Keeping Headwraps Like New
No one likes it when colors fade, fabric wears out, and hems come undone. To keep your headwraps looking as good as new, follow these tips to preserve washable and dry clean only headwraps. Your wraps will last longer with regular cleaning and care.
General care tips
- When changing out of your headwraps, be sure to let them air out for at least 30 minutes before you store them in your closet. Hang them up on a clothes rack or on a hanger outside your closet before putting them away.
- It's also important to rotate your headwraps like you do your shoes, to give them a chance to breathe and regain their shape.
- Turn off the closet light and don't leave headwraps near the window. Sunlight can fade the colors on your wraps just like it does drapes. Dyes are sensitive to prolonged sunlight or even to a light left on in a closet.
- In summer, be careful with lotions and sunscreen as it can fade or stain your wraps.
- Spray perfume and hairspray on before you wear the wrap. The alcohol in the spray can fade, discolor or stain wraps.
- Always clean your wraps before storing them for the season. Untreated food and beverage stains can attract insects!
- Never hang wet or damp wraps in your closet. This can attract mildew.
- Never store your wraps in plastic bags. It can trap in humidity that attracts mildew. Use breathable cotton sheets or bags.
- Brush off any salt before cleaning wraps or taking them to the dry cleaner. Salt can cause damage during cleaning. If you have come into contact with salt (e.g. pant cuffs brushing up against winter street salt), wipe with cold water and air dry. Always point salt treated areas out to your dry cleaner.
General tips for at-home laundering
Invest in a front-loading washer
Most Americans use top-loading washers, which have an agitator inside that pulls your clothes around. Front-loading washers use gravity to tumble clothes in and out of the water, much like the motion of a dryer. This is much gentler on your clothes and helps prevent to prevent snags and tangling.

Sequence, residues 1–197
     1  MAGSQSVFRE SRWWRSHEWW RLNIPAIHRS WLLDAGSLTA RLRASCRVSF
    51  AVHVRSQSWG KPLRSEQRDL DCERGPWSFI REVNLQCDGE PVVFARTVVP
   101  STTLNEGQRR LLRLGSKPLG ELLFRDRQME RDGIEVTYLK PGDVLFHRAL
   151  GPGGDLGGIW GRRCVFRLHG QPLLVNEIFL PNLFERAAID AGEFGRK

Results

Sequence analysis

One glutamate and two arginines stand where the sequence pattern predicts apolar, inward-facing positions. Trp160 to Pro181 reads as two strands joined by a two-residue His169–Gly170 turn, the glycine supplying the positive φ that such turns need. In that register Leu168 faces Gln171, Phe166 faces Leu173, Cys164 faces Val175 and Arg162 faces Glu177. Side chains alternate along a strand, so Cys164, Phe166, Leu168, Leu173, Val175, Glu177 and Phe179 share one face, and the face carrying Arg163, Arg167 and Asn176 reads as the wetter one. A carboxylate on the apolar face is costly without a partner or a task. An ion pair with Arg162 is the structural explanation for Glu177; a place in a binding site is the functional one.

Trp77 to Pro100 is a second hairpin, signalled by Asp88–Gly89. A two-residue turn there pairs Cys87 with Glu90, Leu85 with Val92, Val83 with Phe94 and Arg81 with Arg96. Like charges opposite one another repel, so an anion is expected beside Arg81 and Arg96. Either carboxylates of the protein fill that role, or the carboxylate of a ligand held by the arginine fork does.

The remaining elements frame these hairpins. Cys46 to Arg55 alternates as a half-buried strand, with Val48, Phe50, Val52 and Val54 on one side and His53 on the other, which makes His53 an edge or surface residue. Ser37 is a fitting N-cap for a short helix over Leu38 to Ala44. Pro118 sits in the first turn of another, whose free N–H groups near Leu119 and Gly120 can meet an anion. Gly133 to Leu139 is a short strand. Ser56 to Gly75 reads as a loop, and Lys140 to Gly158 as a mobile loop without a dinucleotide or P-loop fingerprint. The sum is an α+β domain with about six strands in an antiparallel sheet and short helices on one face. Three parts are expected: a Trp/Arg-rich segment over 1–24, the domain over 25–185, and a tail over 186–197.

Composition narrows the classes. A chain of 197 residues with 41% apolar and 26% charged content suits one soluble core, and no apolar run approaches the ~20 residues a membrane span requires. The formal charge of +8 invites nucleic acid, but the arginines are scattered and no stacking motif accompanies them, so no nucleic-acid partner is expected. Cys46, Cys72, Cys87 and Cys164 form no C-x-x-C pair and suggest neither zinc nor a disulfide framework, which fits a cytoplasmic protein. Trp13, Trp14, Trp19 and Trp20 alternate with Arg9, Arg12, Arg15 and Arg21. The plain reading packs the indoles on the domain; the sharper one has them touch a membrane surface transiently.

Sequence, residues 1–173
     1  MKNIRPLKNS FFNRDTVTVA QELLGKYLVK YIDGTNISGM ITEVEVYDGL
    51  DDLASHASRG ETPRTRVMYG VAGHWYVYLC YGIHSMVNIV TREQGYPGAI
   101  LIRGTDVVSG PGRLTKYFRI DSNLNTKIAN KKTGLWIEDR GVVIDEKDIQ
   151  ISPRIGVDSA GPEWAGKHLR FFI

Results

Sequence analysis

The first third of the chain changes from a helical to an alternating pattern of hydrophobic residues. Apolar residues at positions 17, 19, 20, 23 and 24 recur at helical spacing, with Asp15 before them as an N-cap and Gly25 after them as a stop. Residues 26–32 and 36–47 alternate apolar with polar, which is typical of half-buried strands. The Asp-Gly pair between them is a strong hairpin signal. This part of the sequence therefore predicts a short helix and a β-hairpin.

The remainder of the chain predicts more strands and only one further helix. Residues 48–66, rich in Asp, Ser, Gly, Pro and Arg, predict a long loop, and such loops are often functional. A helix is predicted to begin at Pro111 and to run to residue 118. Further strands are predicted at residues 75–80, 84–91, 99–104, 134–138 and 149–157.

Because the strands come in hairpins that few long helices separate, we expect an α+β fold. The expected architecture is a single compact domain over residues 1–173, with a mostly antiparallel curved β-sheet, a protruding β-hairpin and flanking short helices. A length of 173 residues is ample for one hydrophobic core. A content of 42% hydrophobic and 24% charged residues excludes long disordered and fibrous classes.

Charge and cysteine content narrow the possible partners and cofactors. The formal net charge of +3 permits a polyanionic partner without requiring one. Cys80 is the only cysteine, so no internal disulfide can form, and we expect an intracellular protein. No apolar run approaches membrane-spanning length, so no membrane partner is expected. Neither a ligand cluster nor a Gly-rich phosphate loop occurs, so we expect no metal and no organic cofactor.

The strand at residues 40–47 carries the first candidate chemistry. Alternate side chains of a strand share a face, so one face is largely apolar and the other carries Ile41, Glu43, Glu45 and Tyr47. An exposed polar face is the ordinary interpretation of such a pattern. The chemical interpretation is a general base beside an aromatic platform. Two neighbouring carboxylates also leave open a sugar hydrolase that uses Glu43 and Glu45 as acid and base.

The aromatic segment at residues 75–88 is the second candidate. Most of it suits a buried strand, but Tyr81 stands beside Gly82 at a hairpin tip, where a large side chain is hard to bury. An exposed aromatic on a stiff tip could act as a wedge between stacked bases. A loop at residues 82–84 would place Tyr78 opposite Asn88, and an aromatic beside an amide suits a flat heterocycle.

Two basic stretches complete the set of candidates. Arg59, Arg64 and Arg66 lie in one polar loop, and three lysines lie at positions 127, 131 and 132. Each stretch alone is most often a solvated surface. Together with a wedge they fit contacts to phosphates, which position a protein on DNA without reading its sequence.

Wash clothes inside-out
Protect the important part of a headwrap—the outside—by simply turning it inside out before you toss it in. It may not seem like much, but embellishments on the outside of a headwrap, even screen printing, can be worn away or snagged by the inside of the washer. Items with beading, embroidery, appliqués and other details should always be washed inside-out.
Don't use chlorine bleach
Vinegar is a natural brightener that won't wear out the fibers of your headwrap the way chlorine bleach will. Plus, it's better for the environment—we love that.
Dryer heat damages fabric over time. Electric dryers cause shrinkage, color fading, and weaken the material fibers. Instead, line dry headwrap outside, or indoors on a drying rack. You can also hang headwraps on plastic hangers in your shower or on a tension rod in an alcove. If you simply can't air dry, use the lowest heat setting on your dryer.
Treat stains the right way, and right away
- Wet a headwrap with cold water. (Avoid using paper towels so that they don’t shed on your headwrap and create more of a mess.)
- Add a drop of dish detergent to the wet wraps.
- Place another cloth beneath the stain if you can.
- Press on the stain, over and over, to lift it out. Resist the urge to rub, or you might damage the fabric.
- You can let the stain sit overnight, even in water, before putting it in the laundry. Or you can wash immediately after treating the stain.
Clean before storing
Stains from seemingly clear substances like body oils, perspiration, white wine and sugary substances may not appear for some time. Once these have a chance to oxidize, they may show up as light brown or yellow splotches that are difficult to remove. Before putting away seasonal items for long-term storage, have them dry cleaned. Dry cleaning to remove visible and invisible stains before insects find them is important to prevent unexpected surprises a few months down the road.
Don't use plastic
Do not store headwrap in plastic garment bags. The plastic breaks down over time and can interact with the fabric, which can weaken it or change the color. Plastic can also trap in humidity that can lead to mildew damage. Garments need to be able to breathe, so wrap them in plain cotton sheets or a cloth garment bag to keep them safe.